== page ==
Care of the Sexual Self: Áskēsis as a Route to Sex Education
ABSTRACT: In adolescent sex education, the contemporary debate has developed into two camps: the paternalistic view and the liberal view. While the debate has been entrenched in morality, religion, and politics, I argue that both sides of the camp have been too focused on actions and behavior and are assuming a heteronormative and heteropatriarchal background. This dissertation argues that the way to take care of the self is through exercises, techniques, self-discipline, and self-cultivation—what the ancient Greeks called áskēsis. Chapter one analyzes what I call the paternalistic model of sex education by investigating the various arguments for paternalistic sex education, and any presumptions the supporters have. I conclude that the paternalistic model of sex education is inadequate: proponents either presume too much, too little, take a heteronormative stance, or inadequately address why adolescent sexuality is a problem. Chapter two investigates and analyzes the arguments and presuppositions of what I call the liberal-consequentialist model. I argue that adolescents, in general, can have competence to consent in sexual relations by offering support from legal, socioeconomical, psychological and biological sources. After which, I apply J.S. Mill’s On Liberty to formulate a liberal-consequentialist sex education. This view fails, however, because liberal-consequentialism sex education focuses too much on behavioral outcomes and presupposes traditional gender norms. Chapter three focuses on a model that hones in on the autonomy of the individual. This model includes components from Kant’s deontological ethics and Kantian virtues to control the inclinations. Applying this to sex education, I formulate a liberal-deontological sex education model, where one introduces autonomy to the students and moral strength via Kantian virtues. This view fails, however, because autonomy in regards to sex means that consent is minimal: one must obtain a “yes” and once the “yes” is obtained, sexual activity is presumed to be moral. Moreover, the liberal-deontological view presupposes gender stereotypes. Finally, there is something more that all three models are missing: a notion I refer to as the care of the sexual self, which means to formulate a sexual subject. In chapter four, I use the notion of áskēsis to explain four sexual components. These components rely on four contemporary philosophers who draw upon the ancient Greeks to focus on áskēsis, to train oneself to become a human being. I conclude that by forming a subject, one focuses on the effort to become a certain kind of individual, a kind of person, a person who can cultivate the self: creating an art of making yourself. I champion this view and apply áskēsis to sex education.
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- Presenter. “BDSM, Consent, and Human Flourishing: A Sketch for the Possibility of Ethical Degradation,” presentation Pacific American Philosophical Association, San Francisco, CA, April 1, 2016.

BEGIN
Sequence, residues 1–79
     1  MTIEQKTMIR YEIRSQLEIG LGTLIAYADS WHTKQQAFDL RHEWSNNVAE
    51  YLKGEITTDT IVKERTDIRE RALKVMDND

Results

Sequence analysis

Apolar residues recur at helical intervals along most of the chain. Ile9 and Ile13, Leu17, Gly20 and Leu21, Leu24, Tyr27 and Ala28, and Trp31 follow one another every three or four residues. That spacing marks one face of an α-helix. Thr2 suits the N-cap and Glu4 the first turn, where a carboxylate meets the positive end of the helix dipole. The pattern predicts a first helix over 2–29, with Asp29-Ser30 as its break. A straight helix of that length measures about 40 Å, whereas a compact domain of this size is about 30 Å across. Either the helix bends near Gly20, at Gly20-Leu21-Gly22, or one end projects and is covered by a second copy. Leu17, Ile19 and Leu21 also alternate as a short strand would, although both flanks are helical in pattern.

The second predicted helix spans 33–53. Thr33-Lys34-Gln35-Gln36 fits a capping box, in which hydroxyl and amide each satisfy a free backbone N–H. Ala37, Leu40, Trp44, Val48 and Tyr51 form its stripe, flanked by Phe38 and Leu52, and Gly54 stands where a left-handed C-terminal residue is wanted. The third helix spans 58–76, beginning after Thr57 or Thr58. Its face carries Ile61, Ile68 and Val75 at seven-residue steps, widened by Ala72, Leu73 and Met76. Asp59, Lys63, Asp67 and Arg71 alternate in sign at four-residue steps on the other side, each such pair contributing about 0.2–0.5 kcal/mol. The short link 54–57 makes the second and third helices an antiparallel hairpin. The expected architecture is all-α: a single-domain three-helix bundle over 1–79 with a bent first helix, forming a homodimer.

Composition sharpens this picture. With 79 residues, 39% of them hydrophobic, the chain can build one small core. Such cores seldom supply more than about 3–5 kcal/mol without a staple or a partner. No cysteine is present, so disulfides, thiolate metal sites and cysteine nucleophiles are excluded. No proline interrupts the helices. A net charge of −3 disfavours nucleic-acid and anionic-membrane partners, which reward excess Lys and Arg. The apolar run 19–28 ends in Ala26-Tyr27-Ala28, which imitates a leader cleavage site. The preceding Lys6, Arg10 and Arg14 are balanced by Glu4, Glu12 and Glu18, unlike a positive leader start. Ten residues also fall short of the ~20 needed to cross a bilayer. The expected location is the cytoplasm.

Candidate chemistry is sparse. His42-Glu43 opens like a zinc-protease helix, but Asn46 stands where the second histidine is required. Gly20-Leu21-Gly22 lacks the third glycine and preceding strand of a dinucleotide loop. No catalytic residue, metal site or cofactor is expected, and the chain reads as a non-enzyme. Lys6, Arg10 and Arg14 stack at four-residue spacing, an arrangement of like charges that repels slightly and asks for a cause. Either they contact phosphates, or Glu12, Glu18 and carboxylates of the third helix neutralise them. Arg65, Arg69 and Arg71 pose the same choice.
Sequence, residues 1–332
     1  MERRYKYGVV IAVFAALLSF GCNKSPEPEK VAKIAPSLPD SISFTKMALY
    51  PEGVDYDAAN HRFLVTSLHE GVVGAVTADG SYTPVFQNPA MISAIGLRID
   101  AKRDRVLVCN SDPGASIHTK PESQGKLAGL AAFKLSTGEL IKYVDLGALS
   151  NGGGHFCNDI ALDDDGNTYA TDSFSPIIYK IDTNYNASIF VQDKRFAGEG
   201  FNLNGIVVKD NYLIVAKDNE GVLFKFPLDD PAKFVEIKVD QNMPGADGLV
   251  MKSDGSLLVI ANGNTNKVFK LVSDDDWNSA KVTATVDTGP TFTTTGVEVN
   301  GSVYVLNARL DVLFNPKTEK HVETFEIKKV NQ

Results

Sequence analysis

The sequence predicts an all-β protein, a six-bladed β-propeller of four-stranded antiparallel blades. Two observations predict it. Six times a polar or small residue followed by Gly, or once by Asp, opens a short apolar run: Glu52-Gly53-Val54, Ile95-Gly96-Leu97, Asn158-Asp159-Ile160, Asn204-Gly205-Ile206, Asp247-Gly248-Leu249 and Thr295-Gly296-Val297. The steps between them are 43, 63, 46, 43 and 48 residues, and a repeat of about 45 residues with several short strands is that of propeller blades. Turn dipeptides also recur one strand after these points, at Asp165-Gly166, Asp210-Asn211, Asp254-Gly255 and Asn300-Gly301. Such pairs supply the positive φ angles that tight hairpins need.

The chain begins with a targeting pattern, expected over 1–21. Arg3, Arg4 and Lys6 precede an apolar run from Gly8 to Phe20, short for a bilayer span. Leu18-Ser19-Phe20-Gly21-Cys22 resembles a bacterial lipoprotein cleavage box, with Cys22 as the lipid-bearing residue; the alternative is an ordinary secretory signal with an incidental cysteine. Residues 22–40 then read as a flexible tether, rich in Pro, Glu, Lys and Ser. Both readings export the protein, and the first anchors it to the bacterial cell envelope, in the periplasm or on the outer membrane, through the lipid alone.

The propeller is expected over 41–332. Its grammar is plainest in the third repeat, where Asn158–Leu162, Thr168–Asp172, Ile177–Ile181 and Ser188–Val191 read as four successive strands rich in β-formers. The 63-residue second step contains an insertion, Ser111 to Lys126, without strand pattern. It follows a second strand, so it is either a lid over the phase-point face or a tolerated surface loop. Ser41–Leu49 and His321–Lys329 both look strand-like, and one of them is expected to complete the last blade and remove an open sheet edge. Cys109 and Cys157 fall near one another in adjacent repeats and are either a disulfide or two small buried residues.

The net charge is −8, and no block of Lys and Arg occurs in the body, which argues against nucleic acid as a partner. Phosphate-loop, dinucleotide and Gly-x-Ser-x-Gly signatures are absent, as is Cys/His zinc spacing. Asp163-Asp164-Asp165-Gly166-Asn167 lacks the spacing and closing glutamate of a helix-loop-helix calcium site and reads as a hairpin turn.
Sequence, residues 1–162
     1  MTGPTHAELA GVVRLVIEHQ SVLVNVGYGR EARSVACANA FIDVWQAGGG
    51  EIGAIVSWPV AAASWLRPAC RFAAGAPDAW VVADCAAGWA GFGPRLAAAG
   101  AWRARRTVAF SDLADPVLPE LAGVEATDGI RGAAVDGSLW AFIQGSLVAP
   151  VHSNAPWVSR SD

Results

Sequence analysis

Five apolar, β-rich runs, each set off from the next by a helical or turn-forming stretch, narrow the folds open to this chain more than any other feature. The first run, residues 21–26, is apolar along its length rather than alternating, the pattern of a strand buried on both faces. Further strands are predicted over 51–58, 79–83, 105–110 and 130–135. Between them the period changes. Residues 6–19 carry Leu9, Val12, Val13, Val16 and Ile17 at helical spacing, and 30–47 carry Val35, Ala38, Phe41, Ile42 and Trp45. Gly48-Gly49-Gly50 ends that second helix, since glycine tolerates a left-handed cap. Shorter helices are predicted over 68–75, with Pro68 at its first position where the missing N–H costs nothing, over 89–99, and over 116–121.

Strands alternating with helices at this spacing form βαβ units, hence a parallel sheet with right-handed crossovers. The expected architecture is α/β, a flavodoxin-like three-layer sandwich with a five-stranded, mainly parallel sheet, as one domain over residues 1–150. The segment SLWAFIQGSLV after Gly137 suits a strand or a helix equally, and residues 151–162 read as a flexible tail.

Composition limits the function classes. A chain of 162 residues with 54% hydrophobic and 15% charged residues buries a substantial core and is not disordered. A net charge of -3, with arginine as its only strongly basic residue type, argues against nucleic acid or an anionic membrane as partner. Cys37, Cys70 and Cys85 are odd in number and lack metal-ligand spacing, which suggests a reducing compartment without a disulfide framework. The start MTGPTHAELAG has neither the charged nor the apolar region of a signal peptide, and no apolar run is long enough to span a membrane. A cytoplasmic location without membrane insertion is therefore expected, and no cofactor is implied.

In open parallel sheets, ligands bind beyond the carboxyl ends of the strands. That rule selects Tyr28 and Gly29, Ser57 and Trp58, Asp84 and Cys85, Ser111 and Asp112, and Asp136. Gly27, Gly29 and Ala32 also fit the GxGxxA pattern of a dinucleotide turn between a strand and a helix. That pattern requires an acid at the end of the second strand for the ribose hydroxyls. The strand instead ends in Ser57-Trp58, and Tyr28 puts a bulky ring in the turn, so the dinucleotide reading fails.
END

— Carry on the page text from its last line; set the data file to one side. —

- Presenter. “Analyzing Dan Savage’s ‘Monogamish’ Claim,” presentation Popular Culture Association/American Culture Association, Seattle, WA, March 22, 2016.
- Presenter. “Bodily Consciousness: A Sartrean Response to Irigrary,” presentation North American Sartre Society at Lehigh Valley Center, Bethlehem, PA, Nov. 14, 2015.
- Commentator. “Language and Feminist Resistance in Kristeva, Irigaray, and Cixous” by Emily Douglas, The Society for Existential and Phenomenological Theory and Culture at University of Victoria, Victoria, BC, June 4, 2013.
- Presenter. “Luce Irigaray: Love Through Sexual Difference,” presentation The Society for Existential and Phenomenological Theory and Culture at University of Victoria, Victoria, BC, June 4, 2013
- Presenter. “Caring for the Sexual Self: Applying Foucault’s Hermeneutics of the Subject in Sex Education,” presentation Queertopia 6.0 at Northwestern University, Illinois, April 14, 2013.
- Presenter. “Caring for the Sexual Self: Applying Foucault’s Hermeneutics of the Subject in Sex Education,” presentation North Carolina Philosophical Society at East Carolina University, North Carolina, February 16, 2013.
- Presenter. “Why Does God Care if I Believe in His Existence?” presentation Philosophy Club at Weber State University, Utah, November 16, 2007.
- Presenter. “Luce Irigaray: Love through Sexual Difference,” presentation Intermountain Philosophy Conference at Brigham Young University, Utah, November 10, 2006.
- Presenter. “Luce Irigaray: Love of Community through Sexual Difference,” presentation Love in the Public Square Conference at Molloy College, New York, March 31, 2006.
- Presenter. “A Critique of Wittgenstein,” presentation Utah Academy of Sciences, Arts & Letters at Southern Utah University, Utah, April 16, 2004.
- Travel Award, Graduate Student Research Travel Award, Marquette University, 2015
- Travel Award, Center for Ethics Studies, Marquette University, 2013.
- Teaching Assistantship to Professor Charles Harris, Texas A&M, 2005-2006
- Best Paper Award at the Utah Academy of Sciences, Arts & Letters for “Critique of Wittgenstein,” 2004.